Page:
Poll surveys have become an important part of life and government in countries around the world. People in democratic countries get to declare what they want and support openly in periodic elections. In between elections, poll surveys indicate how people think and feel about government programs and plans. And they are used to predict election results.
Poll surveys are now under close scrutiny in the world’s biggest democracy, the United States, which will hold its presidential election in less than two weeks — on November 3. The surveys show that the Republican Party’s President Donald Trump, who is seeking a second four-year term, is well behind the Democratic Party candidate Joe Biden.
But there are many who nurse doubts about these surveys. Because of what happened in the presidential election of 2016.
In the US, presidents are elected through an Electoral College system. Voters elect the members of the state’s electorial college members who, in turn, elect the president. In 2016, Clinton had 3 million more individual votes than Trump. But in five or six so-called swing states, Trump edged out Clinton to win the state votes in the national Electoral College.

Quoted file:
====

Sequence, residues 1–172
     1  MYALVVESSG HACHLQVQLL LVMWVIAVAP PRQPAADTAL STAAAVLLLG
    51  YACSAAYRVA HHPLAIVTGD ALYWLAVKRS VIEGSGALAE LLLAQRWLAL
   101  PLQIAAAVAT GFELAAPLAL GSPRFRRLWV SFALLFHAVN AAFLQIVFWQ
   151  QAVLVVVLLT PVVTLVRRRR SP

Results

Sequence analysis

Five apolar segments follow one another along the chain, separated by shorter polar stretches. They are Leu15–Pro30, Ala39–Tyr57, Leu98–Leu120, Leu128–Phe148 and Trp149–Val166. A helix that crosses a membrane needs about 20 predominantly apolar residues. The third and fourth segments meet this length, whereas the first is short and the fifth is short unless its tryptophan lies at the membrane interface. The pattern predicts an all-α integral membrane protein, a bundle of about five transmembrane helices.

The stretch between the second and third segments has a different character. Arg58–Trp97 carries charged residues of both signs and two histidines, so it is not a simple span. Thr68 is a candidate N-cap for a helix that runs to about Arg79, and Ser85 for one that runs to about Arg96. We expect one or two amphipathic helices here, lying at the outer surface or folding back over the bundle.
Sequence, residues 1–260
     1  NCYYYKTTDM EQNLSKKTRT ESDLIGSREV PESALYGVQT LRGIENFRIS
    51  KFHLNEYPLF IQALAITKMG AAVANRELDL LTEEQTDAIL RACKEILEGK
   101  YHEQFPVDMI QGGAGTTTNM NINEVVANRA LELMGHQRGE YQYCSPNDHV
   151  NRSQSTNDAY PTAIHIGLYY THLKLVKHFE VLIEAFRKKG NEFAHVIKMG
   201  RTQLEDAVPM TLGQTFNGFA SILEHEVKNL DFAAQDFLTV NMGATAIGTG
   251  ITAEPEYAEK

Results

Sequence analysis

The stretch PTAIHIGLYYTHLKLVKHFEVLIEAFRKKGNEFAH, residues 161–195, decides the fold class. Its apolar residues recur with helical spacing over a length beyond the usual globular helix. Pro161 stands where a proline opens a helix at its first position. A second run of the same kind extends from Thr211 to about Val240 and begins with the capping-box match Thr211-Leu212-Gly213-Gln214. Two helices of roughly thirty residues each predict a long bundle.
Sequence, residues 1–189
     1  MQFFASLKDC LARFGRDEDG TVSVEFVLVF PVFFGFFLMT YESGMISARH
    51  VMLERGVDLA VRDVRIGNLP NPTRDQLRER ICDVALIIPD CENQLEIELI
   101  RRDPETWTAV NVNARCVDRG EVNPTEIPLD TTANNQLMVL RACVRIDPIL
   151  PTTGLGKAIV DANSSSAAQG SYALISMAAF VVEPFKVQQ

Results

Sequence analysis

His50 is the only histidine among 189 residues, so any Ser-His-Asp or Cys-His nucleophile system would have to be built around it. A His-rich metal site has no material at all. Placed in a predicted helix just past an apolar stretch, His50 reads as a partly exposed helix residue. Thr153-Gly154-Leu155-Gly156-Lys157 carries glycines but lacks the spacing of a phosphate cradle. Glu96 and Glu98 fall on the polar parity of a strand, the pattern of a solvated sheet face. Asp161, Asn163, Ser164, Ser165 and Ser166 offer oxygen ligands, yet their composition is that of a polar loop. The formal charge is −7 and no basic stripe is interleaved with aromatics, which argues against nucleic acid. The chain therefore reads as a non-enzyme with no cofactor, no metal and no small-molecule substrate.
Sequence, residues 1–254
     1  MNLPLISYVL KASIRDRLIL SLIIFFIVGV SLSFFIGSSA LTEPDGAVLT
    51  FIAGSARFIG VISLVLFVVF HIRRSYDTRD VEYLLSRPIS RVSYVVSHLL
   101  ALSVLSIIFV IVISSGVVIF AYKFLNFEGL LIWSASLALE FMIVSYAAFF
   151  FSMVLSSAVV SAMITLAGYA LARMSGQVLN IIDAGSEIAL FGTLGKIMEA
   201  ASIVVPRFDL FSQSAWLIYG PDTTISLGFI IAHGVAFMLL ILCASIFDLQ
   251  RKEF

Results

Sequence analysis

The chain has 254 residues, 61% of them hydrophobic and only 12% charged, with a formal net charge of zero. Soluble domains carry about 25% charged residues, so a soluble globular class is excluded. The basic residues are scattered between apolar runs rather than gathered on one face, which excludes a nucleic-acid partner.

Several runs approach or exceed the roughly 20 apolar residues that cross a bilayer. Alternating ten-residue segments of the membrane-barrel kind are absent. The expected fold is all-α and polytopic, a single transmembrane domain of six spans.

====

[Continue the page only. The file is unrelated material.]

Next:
This year, Trump is again behind his Democratic rival, Biden, in the national total, but all eyes are now on the so-called swing states.
The poll survey organizations have conceded they made some errors in their 2016 surveys. In some battleground states, they said, their survey samples failed to include enough white voters without college degrees, who are among Trump’s most fervent supporters.
This year, the pollsters say they will avoid such mistakes in traditional battleground states like Pennsylvania and Nevada. But Trump continues to campaign, many of his enthusiastic supporters defying such pandemic protocols as wearing face masks and social distancing.
There are some other factors whose effect on the results remain uncertain. Mail-in voting and early voting are at historic levels. There are many complicating factors that are hard for poll surveys to account for, according to a leading global research group.
US elections are of great interest to us in the Philippines, whose political institutions, including form of government were patterned after those of the US. We too make great use of surveys not only at election time but also on various issues such as government programs on the ongoing COVID-19 pandemic.
We thus follow with great interest the ongoing US presidential election campaign, especially as it approaches its climax. And we follow the debates and disputes over poll surveying which also make up an important part of our own political system and way of life.